Sword of the Saints: Sinner Introduction

“Arius the Vagrant, Arius the Despoiler, Arius the Terrible, even Arius the Rake,” a villainous man certain to deserve such a variety of condemnation hurled from high and low, a pirate of no small notoriety with a fleet massive enough to more than worry coastal settlements both great and small.  On the other hand, elsewhere, in other climes chattering from the tongues of distant throngs he’s whispered heroic “Arius the Great, Arius the Magnificent, even Arius the Conqueror,” a long-time veteran, bitter exponent, and even savior of the Perihelion.  A complicated man, no doubt, and a man enveloped in a quagmire of myth and wild mistestimony, absent as he is an honest biographer.  To that end I will stick to the facts and dispel wild rumor, whether through the testimony of my own eyes or from the words of the man himself or his many lieutenants and companions.  What happened and what didn’t, these are objective experiences, facts blindingly clear under the great auspices of everlasting Brassos, high in the sky.  What follows is the accidental saga of Arius, the feller of the seven cities, the pirate lord of the Vorago Intervention, the endless seas that separate the sacred space of Middle Kingdom, Manfall, from the warring states of the West and the East and bestial kingdoms of the North and South; what succeeds are the tales of the man who ruled the far flung minor kingdoms, the disparate pirate cavalcades, a monstrous fleet beyond contempt.  I was honored as stripling to be taken into his fold as a midshipman, and I’m honored in my developing age to chronicle for posterity his countless deeds—much against his dying wishes I might add.  What follows here is the true reckoning of the man as he was and the honest recitation of his performances as they were genuinely.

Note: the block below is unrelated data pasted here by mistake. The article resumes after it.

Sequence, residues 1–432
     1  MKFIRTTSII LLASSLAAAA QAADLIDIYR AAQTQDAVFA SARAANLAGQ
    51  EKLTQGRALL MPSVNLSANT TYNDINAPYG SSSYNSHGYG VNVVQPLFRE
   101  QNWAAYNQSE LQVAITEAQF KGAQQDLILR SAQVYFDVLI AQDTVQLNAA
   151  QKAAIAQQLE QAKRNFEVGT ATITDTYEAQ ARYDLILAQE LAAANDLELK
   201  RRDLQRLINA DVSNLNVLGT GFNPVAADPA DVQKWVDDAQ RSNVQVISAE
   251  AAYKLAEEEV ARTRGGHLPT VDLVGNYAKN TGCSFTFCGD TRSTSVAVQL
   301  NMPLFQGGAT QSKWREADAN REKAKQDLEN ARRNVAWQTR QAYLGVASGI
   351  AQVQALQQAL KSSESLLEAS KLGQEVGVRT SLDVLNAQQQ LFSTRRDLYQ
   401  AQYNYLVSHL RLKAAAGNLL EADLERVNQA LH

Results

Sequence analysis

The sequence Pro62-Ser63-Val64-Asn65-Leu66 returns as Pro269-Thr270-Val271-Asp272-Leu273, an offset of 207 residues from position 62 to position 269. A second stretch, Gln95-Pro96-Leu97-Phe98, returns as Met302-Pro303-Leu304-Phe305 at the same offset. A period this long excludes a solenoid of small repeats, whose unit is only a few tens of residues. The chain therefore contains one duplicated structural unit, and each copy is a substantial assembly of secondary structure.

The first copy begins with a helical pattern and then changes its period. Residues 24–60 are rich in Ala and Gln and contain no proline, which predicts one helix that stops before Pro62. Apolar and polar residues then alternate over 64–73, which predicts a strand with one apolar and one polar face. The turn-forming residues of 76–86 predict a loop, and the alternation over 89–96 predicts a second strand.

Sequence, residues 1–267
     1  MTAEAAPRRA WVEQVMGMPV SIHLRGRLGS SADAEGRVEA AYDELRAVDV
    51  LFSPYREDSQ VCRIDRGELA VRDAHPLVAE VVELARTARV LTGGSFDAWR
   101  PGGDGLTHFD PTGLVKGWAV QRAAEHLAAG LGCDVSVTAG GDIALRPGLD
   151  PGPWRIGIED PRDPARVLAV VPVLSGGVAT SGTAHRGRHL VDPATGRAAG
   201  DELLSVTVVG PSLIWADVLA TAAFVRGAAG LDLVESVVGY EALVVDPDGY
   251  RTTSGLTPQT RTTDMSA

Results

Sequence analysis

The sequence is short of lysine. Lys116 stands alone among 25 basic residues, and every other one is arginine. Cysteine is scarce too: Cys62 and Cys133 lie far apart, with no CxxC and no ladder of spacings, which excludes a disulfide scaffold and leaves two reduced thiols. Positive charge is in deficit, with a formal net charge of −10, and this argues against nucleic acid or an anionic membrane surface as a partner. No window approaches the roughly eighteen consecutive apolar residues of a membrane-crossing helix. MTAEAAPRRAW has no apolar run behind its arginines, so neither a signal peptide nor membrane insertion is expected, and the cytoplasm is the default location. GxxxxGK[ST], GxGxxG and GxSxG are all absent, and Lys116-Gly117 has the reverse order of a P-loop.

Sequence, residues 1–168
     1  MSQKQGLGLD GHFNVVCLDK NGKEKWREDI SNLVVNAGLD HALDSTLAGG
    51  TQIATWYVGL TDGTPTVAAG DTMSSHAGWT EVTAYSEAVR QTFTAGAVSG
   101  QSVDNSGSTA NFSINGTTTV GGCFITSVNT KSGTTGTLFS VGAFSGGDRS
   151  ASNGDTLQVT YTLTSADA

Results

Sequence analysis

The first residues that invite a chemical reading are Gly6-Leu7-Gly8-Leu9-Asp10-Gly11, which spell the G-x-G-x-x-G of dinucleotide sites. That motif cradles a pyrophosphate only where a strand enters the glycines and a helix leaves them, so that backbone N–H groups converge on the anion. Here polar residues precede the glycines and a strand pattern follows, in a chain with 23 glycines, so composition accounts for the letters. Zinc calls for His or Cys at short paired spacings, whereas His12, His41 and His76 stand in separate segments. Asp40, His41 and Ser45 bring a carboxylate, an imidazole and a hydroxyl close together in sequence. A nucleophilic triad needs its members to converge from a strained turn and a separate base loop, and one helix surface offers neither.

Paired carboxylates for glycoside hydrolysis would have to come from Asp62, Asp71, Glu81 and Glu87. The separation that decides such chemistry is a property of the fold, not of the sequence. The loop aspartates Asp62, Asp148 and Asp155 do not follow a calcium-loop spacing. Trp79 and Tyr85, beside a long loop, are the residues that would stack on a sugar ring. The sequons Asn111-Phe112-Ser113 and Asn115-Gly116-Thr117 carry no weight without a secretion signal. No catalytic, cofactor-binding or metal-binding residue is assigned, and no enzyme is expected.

Major Cantor Thrasymedes